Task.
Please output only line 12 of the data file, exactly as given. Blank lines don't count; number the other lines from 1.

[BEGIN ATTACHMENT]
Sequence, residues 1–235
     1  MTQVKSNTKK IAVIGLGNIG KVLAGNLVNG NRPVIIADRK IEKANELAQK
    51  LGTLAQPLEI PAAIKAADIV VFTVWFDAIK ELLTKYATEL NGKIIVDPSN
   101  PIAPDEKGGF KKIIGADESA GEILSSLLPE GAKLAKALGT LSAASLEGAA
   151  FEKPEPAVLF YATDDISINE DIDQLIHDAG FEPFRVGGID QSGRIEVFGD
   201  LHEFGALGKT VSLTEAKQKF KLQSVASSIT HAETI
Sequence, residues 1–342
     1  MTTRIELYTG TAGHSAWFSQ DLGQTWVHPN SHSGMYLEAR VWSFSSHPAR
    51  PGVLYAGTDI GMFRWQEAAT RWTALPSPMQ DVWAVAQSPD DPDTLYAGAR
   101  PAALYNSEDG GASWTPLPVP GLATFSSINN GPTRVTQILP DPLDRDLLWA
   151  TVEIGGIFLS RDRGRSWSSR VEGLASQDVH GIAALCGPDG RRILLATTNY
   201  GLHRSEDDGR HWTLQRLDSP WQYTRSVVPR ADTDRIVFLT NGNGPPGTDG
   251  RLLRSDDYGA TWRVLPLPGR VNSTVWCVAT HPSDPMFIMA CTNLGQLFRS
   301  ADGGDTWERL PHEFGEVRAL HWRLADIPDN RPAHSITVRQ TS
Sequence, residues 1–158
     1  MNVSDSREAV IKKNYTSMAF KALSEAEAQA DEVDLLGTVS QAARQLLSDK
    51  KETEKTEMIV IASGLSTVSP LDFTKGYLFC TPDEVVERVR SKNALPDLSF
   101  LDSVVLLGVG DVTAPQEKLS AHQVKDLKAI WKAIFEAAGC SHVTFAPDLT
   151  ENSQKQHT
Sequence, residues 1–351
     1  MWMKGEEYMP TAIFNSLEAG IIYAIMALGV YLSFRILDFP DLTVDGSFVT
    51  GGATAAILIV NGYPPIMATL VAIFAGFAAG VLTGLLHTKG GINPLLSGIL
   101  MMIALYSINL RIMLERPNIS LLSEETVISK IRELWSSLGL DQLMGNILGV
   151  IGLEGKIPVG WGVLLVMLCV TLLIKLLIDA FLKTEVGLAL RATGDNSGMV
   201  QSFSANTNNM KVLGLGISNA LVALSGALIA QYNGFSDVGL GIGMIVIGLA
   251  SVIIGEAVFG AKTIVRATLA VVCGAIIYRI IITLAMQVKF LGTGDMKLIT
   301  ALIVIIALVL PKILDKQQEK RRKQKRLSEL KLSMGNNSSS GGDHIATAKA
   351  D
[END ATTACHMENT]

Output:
   201  GLHRSEDDGR HWTLQRLDSP WQYTRSVVPR ADTDRIVFLT NGNGPPGTDG